Medical records are a combination of both self-reported patient information and a physician's notes on diagnosis, care, and treatments. Good medical records capture as much information about a patient’s health history and personal habits as possible, they include present and past illnesses and medical conditions like allergies. They also include documentation on lab findings, diagnosis, and treatment plans.
Medical histories are a portal through which a doctor and other medical staff can step into the life of a patient to learn about their lifestyle. Doctors can glean from their lifestyle to understand how it has affected their prior care and whatever impacts it can have on their current diagnosis. When a hospital has a patient’s well documented medical history the medical team can prepare better treatment plans that take into account the risks the patient may face. Doctors can determine if a patient has a higher-than-usual chance of having common disorders like heart disease, high blood pressure, stroke, cancers, and diabetes.
Very often, it is important for the entire family’s medical history to be included in a patient’s file so the medical team can get a better picture of the patient’s state of health. This will help them take steps to reduce the patient's risk.
Historically speaking medical histories have been paper-driven. This analogue format made medical histories prone to error, omission, and loss. Thankfully, medical histories have entered the digital age. Technological advances have allowed more thorough databases that are instantly accessible while reducing the dangers associated with paper records.
However, Medical histories do more than give doctors a better understanding of the patients, they help everyone, especially the patients. As a patient or even as a healthy individual, having access to your digital medical history becomes easier and you can be your own best advocate. Here are 5 reasons it is important for everyone to know their medical histories
1. Know Your Risks for Hereditary Diseases and Disorders
A good medical history will include health information from you and close family. Risks for diabetes, heart disease, and several types of cancers can be genetically inherited. While this doesn’t mean one will become ill, it can help with planning to live the healthiest lifestyle possible. It could mean deciding to eat healthier, exercise more often or take more frequent medical exams. Doctors may recommend more frequent mammograms for patients with a family history of breast cancer, for example.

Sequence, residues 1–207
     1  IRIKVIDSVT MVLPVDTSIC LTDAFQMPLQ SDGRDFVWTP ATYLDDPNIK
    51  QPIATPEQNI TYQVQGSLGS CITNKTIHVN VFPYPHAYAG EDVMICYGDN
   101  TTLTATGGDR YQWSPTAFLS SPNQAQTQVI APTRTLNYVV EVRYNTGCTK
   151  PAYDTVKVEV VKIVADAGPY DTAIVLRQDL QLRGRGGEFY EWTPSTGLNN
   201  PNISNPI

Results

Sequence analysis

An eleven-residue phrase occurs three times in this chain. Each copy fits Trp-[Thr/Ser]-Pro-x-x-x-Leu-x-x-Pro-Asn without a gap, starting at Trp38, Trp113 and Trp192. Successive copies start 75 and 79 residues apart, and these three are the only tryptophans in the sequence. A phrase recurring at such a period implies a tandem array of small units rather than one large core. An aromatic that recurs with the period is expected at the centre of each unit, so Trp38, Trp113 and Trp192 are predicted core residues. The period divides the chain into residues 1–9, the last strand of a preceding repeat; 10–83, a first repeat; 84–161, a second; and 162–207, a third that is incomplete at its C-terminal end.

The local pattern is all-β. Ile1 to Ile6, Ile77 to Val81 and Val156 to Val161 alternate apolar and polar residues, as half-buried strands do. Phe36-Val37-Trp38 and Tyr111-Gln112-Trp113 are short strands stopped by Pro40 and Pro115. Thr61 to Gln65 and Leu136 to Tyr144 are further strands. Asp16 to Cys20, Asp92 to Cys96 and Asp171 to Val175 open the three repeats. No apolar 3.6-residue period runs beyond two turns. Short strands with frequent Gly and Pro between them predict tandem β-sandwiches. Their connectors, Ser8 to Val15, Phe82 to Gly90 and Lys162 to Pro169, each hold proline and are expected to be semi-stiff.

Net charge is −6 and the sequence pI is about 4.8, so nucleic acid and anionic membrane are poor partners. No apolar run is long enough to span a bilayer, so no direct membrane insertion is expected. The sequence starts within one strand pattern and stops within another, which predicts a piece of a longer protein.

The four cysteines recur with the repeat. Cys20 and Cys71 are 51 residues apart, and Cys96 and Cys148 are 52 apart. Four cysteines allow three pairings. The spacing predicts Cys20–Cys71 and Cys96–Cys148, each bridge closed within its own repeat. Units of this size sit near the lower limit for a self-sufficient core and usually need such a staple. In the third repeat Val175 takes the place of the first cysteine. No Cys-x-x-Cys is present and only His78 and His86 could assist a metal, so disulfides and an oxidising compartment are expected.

2. To Get Better Care.
If someone is sick or just taking a routine checkup, it helps to be informed on the medical history when going to the doctor. It can help with asking the right questions and feeling more secure in your care. Individuals in charge of a patient's care will also use it as a quick and easy reference to share with other members of the medical team who need it, making it easier to provide quality care.
3. To Help Family Members Who Are at Risk of Disease
As an individual, knowing your medical history isn’t just for your benefit. You can use it to alert other family members of their predispositions to certain diseases. Be sure to keep a record of your family history as children are born or if family members develop illnesses. After you add them, inform your doctor about the changes. This could be a valuable tool for the generations yet to come.
4. Keep Track of Medications
Surprisingly, when asked by doctors, most people give incorrect information on their medication lists. It’s not no one's fault. The memory can be trick sometimes. However, properly kept medical records, provide an easy way to keep track of medications.
5. Your Medical History Can Be Invaluable in an Emergency
When there’s a limited amount of time, quick access to medical information could mean the difference between life and death. If a hospital does not have a patient's file stored digitally it could mean that unnecessary time is spent going through paper files. This is why it is important for everyone to talk to their doctors who are not already using Electronic Medical Records (EMR's) to get one. We want to make sure you have the right information on hand at the right time, wherever you are.
Remember, if you are a medical professional, it is your responsibility to not only provide care to patients, but also to keep thorough, methodical records of their symptoms, diagnoses, and treatments. Without this follow-through, any physician who subsequently treats your patients will not be able to provide the best care possible. It is also important to keep your patients, or at least their close friends and family in the loop. Take full advantage of the usefulness of your patients’ medical records. Too often, their lives depend on it.